Just as with all things in business, customer support is important to monitor. Without knowing how you are doing from a quantifiable standpoint, it’ll be difficult to shift your strategy or implement new processes within your team. There are a number of metrics that range across the inbox and into customer sentiment that can be useful for benchmarking and using to help develop your customer support team:
First contact resolution (FCR): FCR is when a customer support agent is able to resolve your customer’s inquiry on their first response. It’s valuable because it means that the support rep has answered every question that the customer had in the email, and also any possible follow-up questions that they could have after.
First response time (FRT): FRT is the time that it takes a customer support agent to respond to a conversation the very first time. This is valuable because it is important to the customer, but also because it shows if a customer support agent might be inundated with tickets. If a support rep’s FRT is growing higher or has spiked, they might have too much to deal with.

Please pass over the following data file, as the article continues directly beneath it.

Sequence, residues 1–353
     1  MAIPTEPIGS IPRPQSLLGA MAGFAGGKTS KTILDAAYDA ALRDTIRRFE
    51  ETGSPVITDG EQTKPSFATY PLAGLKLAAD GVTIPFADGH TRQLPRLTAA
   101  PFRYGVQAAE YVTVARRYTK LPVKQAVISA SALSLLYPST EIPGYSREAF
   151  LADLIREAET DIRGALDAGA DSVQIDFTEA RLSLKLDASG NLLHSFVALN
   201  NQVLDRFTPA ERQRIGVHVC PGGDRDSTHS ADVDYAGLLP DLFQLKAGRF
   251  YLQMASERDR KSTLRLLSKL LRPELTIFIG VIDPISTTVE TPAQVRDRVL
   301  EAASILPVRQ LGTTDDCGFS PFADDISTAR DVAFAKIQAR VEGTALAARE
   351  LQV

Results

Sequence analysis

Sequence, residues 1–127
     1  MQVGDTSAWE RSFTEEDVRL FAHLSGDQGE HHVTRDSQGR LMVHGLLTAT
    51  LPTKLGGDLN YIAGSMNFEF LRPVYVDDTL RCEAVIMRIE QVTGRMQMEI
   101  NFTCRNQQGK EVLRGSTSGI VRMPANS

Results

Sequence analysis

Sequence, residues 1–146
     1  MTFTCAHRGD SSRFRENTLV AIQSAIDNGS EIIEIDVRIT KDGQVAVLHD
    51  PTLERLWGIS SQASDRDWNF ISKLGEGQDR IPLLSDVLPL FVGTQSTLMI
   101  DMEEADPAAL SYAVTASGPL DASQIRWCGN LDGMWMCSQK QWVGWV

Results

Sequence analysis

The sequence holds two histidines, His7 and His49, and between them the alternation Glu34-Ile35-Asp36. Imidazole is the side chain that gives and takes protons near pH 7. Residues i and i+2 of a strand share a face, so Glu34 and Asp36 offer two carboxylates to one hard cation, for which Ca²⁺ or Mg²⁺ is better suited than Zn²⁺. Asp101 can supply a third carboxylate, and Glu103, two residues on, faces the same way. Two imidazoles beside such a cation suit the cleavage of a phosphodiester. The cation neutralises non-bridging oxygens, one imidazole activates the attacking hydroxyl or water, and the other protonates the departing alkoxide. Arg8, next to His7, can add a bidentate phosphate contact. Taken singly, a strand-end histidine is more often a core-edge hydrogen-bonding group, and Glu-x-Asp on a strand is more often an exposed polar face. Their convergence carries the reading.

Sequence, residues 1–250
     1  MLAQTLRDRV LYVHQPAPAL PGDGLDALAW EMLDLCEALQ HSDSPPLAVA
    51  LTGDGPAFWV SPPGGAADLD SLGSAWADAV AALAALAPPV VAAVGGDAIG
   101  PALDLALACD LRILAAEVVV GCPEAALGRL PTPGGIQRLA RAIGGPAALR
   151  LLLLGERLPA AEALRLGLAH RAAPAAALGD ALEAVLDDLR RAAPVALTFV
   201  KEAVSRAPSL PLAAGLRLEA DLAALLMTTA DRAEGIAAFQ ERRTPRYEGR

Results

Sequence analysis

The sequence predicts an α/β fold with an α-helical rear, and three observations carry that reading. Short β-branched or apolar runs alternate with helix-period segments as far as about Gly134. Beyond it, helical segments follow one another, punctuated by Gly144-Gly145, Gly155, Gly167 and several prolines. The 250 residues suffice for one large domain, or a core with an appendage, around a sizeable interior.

Number of responses to resolution: this metric is the number of responses that it takes for a ticket to be resolved by a customer. It is valuable because it can show if agents are taking the time to dig deep into conversations with your customers and understand where the issues are coming from. It can also indicate a rise in more technical issues and that you are automating away some of your low-hanging fruit tickets.
Customer satisfaction (CSAT): CSAT is the numerical indicator of your customer’s satisfaction with your product, service, and brand. It’s important because it indicates whether customers are satisfied, happy and loyal, or if they feel untrusting or dissatisfied with your service or product.
Resolution service level agreement (SLA): an SLA is the amount of time that your company has promised your users that it will take for your customer support agents to reply to and resolve their tickets. This is valuable because it sets the expectation for your customers regarding how long they should expect to wait, and gives your support team a timeframe for prioritization.